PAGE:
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Double eagle production at the Philadelphia Mint in 1890 amounted to only a little more than 75,000 pieces, fewer than were even produced at the small Carson City branch that year.
Mint State survivors are occasionally seen, but are almost always in MS62 and lower grades; MS63 pieces are rare, and finer coins are exceedingly so.
The current MS64 PCGS population is only 6 with just 1 graded higher!
This particular example is sharp, lustrous and eye-appealing.
Listed at $22,500 in both the PCGS price guide and Trends.
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Coronet Head $20 Double Eagle
Many modifications for Coronet double eagles By William T. Gibbs
COIN WORLD Staff Although most standard price guides agree that three distinct Coronet $20 double eagles were produced, three "subtypes," if you will, collectors paying closer attention will find there's more to collect than immediately meets the eye.
The Coronet double eagle was introduced into circulation in 1850, and struck every year through the end of the century, into the year 1907 when it was replaced by the famed Saint-Gaudens designs.
The two major design elements remained unchanged for the entirety of the series: James Barton Longacre's standard portrait of Liberty wearing a coronet inscribed LIBERTY on the obverse, and a heraldic eagle with shield on its breast and two scrolls on the reverse.
Catalogers have conveniently categorized the series into three subtypes or groups, based on changes to the reverse design:
The subtype of 1850 to 1866 features a reverse lacking "In God We Trust" and bearing the denomination as TWENTY D. Two versions of the same basic design by two different artists were used, one by Longacre and the second by Anthony C. Paquet in 1861 only. (Paquet's lettering was taller and narrower than the lettering used by Longacre.) The motto IN GOD WE TRUST was added to the reverse design in mid-1866 for the type of 1866 to 1876, with examples of both mottoless and motto-bearing designs struck during the transition year.
The denomination was expanded to read TWENTY DOLLARS on the type of 1877 to 1907. This reverse type remained in use through the remainder of the series.
A new reverse hub was introduced in 1900 and used for the remainder of the series.
The back of the eagle's head is smooth, compared to the earlier hubs depicting an eagle with slightly projecting feathers.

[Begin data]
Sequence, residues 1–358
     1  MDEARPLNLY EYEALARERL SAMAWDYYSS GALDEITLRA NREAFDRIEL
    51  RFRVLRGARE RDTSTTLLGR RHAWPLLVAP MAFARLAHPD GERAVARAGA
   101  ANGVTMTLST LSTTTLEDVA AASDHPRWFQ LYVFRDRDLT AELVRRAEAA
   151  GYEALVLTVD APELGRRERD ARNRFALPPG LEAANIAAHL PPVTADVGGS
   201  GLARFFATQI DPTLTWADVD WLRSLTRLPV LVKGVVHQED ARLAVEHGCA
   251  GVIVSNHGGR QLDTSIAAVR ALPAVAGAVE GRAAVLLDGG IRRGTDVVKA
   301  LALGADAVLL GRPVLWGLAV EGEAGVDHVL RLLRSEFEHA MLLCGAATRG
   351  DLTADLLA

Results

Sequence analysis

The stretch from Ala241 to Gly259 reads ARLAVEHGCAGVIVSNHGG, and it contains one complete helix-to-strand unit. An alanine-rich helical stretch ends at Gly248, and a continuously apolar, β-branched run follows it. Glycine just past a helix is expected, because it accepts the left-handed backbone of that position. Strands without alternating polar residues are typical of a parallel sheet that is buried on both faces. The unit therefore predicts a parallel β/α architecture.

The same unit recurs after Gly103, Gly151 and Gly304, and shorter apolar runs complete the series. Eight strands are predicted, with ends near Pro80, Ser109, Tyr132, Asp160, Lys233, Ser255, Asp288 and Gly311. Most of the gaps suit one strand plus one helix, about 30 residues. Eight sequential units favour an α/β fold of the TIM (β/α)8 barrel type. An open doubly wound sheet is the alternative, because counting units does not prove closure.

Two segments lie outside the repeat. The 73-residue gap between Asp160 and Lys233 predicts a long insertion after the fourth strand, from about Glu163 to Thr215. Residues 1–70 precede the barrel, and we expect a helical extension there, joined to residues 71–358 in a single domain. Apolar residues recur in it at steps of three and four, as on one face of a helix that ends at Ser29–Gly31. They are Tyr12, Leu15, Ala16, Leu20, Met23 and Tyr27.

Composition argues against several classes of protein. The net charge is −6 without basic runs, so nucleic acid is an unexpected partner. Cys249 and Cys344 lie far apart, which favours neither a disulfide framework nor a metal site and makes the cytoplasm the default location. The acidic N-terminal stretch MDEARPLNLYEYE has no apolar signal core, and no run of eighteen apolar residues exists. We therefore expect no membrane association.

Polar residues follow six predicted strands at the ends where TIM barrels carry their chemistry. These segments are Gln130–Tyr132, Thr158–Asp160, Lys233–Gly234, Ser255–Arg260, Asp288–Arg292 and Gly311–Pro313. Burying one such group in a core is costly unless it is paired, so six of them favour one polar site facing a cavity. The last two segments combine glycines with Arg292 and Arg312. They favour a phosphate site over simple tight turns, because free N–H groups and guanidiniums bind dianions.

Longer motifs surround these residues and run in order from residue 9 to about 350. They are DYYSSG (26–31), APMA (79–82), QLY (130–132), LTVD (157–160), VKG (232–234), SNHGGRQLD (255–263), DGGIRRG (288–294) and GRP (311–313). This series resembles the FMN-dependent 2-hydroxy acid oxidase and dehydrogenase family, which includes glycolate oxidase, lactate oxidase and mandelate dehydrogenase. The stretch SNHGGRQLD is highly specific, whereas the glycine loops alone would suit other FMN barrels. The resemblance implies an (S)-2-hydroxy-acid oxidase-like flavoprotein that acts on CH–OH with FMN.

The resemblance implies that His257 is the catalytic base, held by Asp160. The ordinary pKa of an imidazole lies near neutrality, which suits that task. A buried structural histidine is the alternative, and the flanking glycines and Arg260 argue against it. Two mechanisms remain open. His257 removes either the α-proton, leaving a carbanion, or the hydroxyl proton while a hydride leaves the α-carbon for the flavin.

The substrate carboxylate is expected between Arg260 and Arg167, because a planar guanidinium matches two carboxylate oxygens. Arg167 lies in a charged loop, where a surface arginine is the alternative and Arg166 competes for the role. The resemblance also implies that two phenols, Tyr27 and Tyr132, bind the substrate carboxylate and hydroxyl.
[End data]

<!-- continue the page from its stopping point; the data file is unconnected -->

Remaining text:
Collectors collecting by type could select examples from each of these periods to have a complete set.
However, a greater challenge exists when one looks at each period in greater detail.
Many contemporary collectors and catalogers who collect by the reverse design types ignore significant changes made to the obverse over the years. By seeking these obverse variations, collectors can expand their collecting horizons.
Staff members of the American Numismatic Association Certification Service noticed in 1978 what had always been there but unnoticed. LIBERTY was actually spelled LLBERTY on the coins of 1850 to 1858. The die sinker punched two Ls into the coronet rather than an LI. Despite more than 100 years of study, no one had noticed the misspelling, or had reported it if they had discovered the problem.
A new obverse was introduced in 1859, with LIBERTY spelled correctly.
Longacre's J.B.L. designer's initials were moved slightly, and other minor changes were made to the obverse design.
A new, slightly modified obverse was introduced in 1877, the same year the reverse denomination was spelled out in full.
The most obvious changes are the positioning of the stars and head. All told, the series comprises at least three distinct obverses and five distinct reverses.
Date of authorization: March 3, 1849
Dates of issue: 1850-1907
Designer/Engraver: James B. Longacre
Diameter: 34.29 mm/1.35 inches
Weight: 33.44 grams/1.07 ounce
Metallic content: (1850-1873): 90% gold,10% copper and silver
(1873-1907): 90% gold, 10% copper
Weight of pure silver: 30.09 grams/0.97 ounce
Mint mark: Reverse below eagle
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